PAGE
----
New Jersey laws designed to tackle the opioid epidemic seem to have put a dent in the problem over the past several months.

But the current public health emergency caused by the novel coronavirus is likely to test New Jersey's true strength in its fight against substance abuse.

A series of reports from the Rutgers Center for State Health Policy picked up on a significant drop in opioid prescriptions in 2018, along with an uptick in prescriptions for treatment of opioid abuse, compared to years prior.

The reports aim to evaluate legislation signed into law in 2017 by then-Gov. Chris Christie that mandated, among other things, initial opioid prescriptions provide no more than a five-day supply, and that loosened restrictions to remove barriers to evidence-based medication assisted treatment.

"The idea is to try to keep short-term management from turning into long-term opioid use," Stephen Crystal, senior investigator on the project, said of the laws. "It was basically a set of speed bumps designed to encourage more cautious prescribing of opioids."

From 2013 to 2016, opioid deaths had increased more than 66% in the Garden State.

“The last year or so they’ve been kind of flat, but at a level that we don’t want — at a level of about 3,000 per year,” Crystal said. “Based on these reports we are seeing some reduction in opioid prescribing, which in the long run should hopefully help us with reducing the overdose rate.”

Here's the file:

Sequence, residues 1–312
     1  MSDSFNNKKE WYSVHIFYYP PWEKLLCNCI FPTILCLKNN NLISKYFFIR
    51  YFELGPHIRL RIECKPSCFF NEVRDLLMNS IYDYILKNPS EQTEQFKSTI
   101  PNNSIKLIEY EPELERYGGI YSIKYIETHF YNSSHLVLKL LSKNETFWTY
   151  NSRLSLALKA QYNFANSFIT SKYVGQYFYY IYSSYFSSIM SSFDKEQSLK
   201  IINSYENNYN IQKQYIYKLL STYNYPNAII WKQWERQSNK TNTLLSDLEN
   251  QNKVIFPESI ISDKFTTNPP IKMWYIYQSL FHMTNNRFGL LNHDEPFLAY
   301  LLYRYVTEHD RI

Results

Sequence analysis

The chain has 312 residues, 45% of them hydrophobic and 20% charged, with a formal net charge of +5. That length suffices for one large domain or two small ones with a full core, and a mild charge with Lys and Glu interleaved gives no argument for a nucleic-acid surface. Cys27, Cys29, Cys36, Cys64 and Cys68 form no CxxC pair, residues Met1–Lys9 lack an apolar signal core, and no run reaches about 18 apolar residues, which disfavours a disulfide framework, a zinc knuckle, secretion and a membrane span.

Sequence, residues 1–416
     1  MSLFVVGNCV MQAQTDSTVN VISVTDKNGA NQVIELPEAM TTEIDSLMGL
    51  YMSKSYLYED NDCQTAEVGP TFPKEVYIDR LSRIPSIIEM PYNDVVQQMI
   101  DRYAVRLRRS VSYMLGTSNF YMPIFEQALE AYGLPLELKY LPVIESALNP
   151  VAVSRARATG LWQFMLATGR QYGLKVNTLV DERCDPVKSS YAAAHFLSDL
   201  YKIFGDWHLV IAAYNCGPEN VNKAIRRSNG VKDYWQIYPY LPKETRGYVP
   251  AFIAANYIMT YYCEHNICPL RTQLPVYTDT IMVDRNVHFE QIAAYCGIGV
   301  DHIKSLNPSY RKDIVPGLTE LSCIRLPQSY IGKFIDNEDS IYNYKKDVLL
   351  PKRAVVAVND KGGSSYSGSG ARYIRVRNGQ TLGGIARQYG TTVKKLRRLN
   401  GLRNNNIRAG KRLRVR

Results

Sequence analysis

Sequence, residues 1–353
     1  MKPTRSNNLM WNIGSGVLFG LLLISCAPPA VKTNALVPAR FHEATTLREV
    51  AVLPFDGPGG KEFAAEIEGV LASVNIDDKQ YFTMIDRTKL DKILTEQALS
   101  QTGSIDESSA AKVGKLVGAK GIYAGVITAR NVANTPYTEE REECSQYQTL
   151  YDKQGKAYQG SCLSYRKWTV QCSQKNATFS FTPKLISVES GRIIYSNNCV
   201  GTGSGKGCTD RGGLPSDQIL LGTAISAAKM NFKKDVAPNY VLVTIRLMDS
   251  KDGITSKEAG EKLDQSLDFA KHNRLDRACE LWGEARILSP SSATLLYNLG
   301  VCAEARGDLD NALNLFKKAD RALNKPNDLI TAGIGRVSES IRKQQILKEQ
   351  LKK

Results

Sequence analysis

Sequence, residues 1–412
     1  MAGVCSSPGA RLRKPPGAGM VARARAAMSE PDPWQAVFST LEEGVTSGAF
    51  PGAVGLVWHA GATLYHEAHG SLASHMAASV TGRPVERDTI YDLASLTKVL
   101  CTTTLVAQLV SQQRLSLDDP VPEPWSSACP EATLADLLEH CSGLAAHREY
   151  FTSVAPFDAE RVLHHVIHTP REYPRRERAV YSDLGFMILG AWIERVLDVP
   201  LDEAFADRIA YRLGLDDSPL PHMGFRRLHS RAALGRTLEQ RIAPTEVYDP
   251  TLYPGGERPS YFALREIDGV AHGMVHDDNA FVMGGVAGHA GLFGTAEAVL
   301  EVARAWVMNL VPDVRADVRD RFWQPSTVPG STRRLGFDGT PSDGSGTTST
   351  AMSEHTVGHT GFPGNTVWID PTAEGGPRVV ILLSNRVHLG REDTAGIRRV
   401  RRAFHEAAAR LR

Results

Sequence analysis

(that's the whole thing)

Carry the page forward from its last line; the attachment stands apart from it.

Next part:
Looking at publicly available outpatient Medicaid data, researchers saw opioid prescriptions and associated reimbursements reduced by nearly 50%, when comparing the years prior to 2017 and the second part of 2018. Over that same period, researchers saw increases in prescriptions and Medicaid spending for some forms of medication assisted treatment.

“These medications, like buprenorphine, are very effective in helping people towards recovery, helping to reduce their risks of overdoses, helping to manage cravings that would cause them to relapse,” Crystal said.

Reports also included findings from in-depth interviews with New Jersey doctors and advanced practice nurses. Researchers found many prescribers agreed with opioid limitations put forth by the law, and many had instituted similar measures on their own prior to 2017. Support for medication assisted treatment, however, was not found to be as widespread among prescribers. There was also less agreement when it came to issues related to long-term prescribing of opioids for chronic pain.

Crystal said the reports underscore the need for additional assistance from the federal government, for opioid use disorder and the COVID-19 pandemic.

“COVID has a particularly heavy impact on these people that are using drugs,” Crystal said.

Between January 1 and March 31, 2020, there were 789 suspected fatal overdoses throughout the state, compared to 657 in the same time frame last year. Morris County officials cite a 38% jump in overdoses when comparing the first 14 weeks of 2019 to the first 14 weeks of 2020.

“It’s possible that individuals struggling with addiction feel increased stress during this pandemic or, because of social distancing, lack direct contact with supportive friends and family who normally would check on their welfare,” said Morris County Sheriff James Gannon.

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